Everyone who is deeply concerned about protecting children’s’ mental health should be banging on the doors of the Food and Drug Administration (FDA) to protest a commonly prescribed drug that routinely causes neuropsychiatric events in children. Since 2009, the FDA has on file 550 cases of hallucinations from a drug called Tamiflu (oseltamivir), which is routinely prescribed to combat the flu. Parents are beginning to wake up to the fact that Tamiflu is a risky nervous system damaging, hallucinogenic drug that causes some children to go into seizures, wild delusions, and twitching fits.
Looking back at the studies used to approve the drug in the late 1990s, we see small cohorts, unstudied factors of immunity, inconclusive findings, label warnings, and an attempt by the FDA to prevent the drug from coming to market. Further analyses in 2007 found that Tamiflu poses severe risks, especially in children, including 1377 reports of adverse reactions in Japan and 80 deaths (71 directly tied to Tamiflu.)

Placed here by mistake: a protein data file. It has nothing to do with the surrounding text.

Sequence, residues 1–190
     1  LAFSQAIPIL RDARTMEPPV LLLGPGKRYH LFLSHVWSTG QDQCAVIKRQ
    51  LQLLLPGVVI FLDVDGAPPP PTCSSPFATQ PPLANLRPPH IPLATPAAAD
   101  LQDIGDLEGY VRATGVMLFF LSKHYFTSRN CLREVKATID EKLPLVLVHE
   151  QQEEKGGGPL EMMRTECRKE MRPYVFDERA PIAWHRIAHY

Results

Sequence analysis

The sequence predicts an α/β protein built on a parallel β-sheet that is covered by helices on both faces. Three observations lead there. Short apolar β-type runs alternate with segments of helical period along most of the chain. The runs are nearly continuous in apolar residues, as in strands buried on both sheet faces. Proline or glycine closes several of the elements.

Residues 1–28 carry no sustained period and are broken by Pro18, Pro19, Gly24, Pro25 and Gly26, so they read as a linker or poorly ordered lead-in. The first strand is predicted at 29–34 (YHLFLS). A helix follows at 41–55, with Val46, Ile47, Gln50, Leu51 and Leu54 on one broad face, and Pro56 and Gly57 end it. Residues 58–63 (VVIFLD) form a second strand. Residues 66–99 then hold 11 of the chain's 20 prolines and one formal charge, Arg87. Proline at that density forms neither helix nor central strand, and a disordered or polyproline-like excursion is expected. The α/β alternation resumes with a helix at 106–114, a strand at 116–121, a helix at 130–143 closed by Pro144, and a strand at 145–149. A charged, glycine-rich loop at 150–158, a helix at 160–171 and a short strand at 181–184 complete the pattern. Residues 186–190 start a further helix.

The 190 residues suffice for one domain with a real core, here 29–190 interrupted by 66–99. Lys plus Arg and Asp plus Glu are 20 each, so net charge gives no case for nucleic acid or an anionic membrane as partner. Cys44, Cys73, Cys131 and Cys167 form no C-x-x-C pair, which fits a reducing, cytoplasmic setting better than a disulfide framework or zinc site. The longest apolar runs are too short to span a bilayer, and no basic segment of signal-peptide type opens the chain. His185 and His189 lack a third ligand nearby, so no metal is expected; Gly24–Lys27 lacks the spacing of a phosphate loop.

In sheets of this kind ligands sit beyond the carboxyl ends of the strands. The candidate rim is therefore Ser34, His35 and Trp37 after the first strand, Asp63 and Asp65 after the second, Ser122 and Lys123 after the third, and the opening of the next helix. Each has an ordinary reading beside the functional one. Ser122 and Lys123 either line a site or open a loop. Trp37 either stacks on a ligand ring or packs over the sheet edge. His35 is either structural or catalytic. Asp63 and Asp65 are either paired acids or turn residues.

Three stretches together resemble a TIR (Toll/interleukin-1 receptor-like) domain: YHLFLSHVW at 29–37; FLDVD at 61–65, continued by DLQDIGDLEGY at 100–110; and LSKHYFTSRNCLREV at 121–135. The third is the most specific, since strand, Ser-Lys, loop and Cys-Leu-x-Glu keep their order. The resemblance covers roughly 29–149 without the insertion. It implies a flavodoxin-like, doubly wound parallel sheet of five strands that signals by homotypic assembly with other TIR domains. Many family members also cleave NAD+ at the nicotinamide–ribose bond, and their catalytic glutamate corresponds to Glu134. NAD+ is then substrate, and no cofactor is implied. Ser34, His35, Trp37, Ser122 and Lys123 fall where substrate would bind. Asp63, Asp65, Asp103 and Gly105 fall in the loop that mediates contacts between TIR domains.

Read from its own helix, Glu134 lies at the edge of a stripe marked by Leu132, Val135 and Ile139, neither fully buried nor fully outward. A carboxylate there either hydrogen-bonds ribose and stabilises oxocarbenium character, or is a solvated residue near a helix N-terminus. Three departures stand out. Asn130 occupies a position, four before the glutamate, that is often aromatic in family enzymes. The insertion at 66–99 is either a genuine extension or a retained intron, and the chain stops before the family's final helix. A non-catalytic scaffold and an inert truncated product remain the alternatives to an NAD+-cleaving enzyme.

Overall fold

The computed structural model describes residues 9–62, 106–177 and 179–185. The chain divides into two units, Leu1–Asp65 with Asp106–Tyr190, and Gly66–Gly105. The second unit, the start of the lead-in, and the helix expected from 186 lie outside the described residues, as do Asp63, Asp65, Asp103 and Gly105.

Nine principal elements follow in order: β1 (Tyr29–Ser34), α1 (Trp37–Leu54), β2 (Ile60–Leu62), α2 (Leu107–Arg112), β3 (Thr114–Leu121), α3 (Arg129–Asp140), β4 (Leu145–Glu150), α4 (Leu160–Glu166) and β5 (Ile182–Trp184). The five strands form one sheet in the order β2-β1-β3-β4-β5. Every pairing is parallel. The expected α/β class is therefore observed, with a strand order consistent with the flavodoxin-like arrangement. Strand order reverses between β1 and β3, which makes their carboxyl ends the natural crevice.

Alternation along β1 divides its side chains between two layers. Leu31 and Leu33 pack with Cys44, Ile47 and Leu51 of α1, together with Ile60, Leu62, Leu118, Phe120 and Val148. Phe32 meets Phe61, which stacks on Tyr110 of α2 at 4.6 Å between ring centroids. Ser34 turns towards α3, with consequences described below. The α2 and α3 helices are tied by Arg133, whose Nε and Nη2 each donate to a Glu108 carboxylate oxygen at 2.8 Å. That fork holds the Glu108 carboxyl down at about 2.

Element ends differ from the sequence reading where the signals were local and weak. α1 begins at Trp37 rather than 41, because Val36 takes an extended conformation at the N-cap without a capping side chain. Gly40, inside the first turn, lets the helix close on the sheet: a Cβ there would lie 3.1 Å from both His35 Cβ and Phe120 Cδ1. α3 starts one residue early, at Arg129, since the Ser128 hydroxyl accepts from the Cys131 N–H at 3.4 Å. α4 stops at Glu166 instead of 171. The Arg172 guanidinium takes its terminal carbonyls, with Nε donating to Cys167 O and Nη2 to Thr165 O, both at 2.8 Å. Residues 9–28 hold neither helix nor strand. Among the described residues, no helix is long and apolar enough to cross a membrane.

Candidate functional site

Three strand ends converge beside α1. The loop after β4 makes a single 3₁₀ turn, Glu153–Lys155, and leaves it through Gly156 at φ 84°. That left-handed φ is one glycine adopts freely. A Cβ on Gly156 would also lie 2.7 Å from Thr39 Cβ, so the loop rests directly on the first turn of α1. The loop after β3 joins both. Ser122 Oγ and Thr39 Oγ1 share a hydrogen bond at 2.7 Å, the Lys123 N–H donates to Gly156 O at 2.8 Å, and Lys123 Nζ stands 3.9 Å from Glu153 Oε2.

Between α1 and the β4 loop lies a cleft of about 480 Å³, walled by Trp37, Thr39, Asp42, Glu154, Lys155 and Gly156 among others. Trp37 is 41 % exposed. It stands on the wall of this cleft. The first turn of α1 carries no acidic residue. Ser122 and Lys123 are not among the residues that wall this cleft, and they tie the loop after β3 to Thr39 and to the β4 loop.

A 2009 re-analysis of Tamiflu, not funded by the pharmaceutical industry and published in a BMJ article, found no significant evidence that the drug reduced influenza symptoms or complications. The meta-analysis even showed that Tamiflu causes nausea.
Tamiflu is not only ineffective, but it’s also dangerous. In the six years that the drug was sold in Japan, there were 1377 reports of adverse reactions, including delirium, convulsion, and encephalitis. A pair of 14-year-old teens experienced such heinous side effects from Tamiflu that they committed suicide. Seventy-one other deaths were directly related to Tamiflu. A 2011 Japanese study found a 600 percent increase in deterioration and death within twelve hours after Tamiflu administration. Japanese authorities warn against using Tamiflu.Tamiflu is not safe OR effective – Dr. Eddy Bettermann MD